‘MaXXXine’ gives you the perfect opportunity to admire and fear the great Mia Goth

‘MaXXXine’ gives you the perfect opportunity to admire and fear the great Mia Goth
‘MaXXXine’ gives you the perfect opportunity to admire and fear the great Mia Goth

Without having achieved the level of popularity of horror films that stick generously to the ‘mainstream’, the last two films already released by Ti West became, shortly after their respective releases, essential works for fans of the genre in its most independent, toughest and, without a doubt, most purposeful aspect.

We are referring to “X” and “Pearl” (both from 2022), works connected by belonging to a specific thematic universe: that of two apparently irreconcilable characters – the porn actress Maxine and the serial killer Pearl – but played by the same actress, Mia Goth, previously known for her roles in “Nymphomaniac” (2013), “A Cure for Wellness” (2016) and “Emma” (2020).

After the unexpected success of “X” and “Pearl” with audiences and critics, “MaXXXine,” the film that opens officially this Friday and serves as a direct sequel to “X,” could not have generated more expectations. Given the great work done by West on the aforementioned titles, almost no one seemed to doubt that he himself – placed once again in the position of director, producer and editor – would be capable of offering something outstanding in the new episode. But the correct answer is now engraved in our eyes after having attended an advance screening.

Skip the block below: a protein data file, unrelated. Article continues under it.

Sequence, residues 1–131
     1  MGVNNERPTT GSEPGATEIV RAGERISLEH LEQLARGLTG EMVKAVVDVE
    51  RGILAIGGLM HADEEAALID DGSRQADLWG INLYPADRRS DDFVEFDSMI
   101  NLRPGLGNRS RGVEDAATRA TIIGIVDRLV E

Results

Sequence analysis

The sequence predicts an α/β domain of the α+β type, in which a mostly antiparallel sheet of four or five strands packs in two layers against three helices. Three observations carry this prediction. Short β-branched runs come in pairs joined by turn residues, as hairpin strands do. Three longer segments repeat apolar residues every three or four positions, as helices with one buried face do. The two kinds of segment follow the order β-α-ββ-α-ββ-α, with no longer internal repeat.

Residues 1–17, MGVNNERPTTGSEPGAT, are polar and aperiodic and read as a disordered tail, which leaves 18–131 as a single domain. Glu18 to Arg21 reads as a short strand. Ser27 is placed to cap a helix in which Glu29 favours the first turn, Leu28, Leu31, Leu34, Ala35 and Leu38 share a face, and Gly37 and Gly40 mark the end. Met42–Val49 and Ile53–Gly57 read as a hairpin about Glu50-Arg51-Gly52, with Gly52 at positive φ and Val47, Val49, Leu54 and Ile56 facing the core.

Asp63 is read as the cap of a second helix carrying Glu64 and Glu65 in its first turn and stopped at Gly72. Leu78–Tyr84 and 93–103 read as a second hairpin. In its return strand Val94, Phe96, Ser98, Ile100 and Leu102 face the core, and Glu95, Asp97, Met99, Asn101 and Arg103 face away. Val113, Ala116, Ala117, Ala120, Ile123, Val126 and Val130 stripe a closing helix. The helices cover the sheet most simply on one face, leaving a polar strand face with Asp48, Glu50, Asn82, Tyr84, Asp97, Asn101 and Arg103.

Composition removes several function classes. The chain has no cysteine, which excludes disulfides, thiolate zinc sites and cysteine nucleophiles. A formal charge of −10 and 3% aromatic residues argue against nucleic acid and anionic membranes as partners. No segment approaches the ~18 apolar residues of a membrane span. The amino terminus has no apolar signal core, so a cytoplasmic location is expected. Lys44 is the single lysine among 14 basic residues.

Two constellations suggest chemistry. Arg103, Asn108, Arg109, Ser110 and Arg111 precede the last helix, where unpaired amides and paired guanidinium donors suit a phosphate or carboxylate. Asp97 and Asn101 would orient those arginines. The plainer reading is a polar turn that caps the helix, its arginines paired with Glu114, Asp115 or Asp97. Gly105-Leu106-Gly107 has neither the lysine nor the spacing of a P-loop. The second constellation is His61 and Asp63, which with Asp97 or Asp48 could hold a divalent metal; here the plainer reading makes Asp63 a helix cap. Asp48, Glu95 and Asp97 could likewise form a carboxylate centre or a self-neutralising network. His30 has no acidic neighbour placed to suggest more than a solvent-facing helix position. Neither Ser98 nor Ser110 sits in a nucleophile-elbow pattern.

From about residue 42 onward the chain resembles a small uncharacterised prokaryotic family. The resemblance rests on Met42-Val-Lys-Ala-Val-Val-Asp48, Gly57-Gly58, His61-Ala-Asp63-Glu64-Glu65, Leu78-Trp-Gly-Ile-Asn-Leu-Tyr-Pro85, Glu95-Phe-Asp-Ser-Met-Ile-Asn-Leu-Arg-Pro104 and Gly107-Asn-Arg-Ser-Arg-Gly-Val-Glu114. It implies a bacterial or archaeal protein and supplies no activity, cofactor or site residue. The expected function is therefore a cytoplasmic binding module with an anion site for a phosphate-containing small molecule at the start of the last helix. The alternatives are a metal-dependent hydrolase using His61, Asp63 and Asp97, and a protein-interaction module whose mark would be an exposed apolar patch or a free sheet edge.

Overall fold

In our neighborhoods

At the end of “X” – no spoiler, because you’ve seen it, right? – Maxine, originally from Houston, Texas, had managed to escape from the farm in the middle of nowhere that her “producer” had chosen to film an erotic movie and where she had successfully confronted Pearl, the malevolent old woman who previously eliminated the entire film crew with the free application of the most brutal methods at hand. This sequel finds the survivor years later (1985) in Los Angeles, determined to achieve her most cherished dream at all costs: becoming famous.

The character, who was not exactly fully developed in the first film (where Goth took the trouble to play two characters, as we have already pointed out), here achieves much greater notoriety, as was the case with Pearl in -well- “Pearl”. This means that, beyond being an ambitious, cocaine-addicted girl with a great survival instinct and the potential to act in a really aggressive way when the situation warrants it, Maxine shows facets of her personality that were not so clear.

But this is supposedly a horror film, of course; and although Pearl is no longer present to torment her, the girl has to deal with a new threat, represented by a serial killer who walks loose on the streets and who immediately gives the story a tone of mystery that is constantly nuanced with touches of crazy comedy, because, in effect, “MaXXXine” frequently varies genre throughout its 104 minutes, which can be its greatest success or its worst mistake depending on the viewer’s position.

Less skin, more evil

What it is definitely is a tremendously entertaining work (it even has references to action films) that puts Goth back in the foreground it deserves, despite the fact that, for the first time, West works with world-famous Hollywood actors, as he has Kevin Bacon and Giancarlo Esposito on board in extensive, very well-developed and, of course, memorable roles.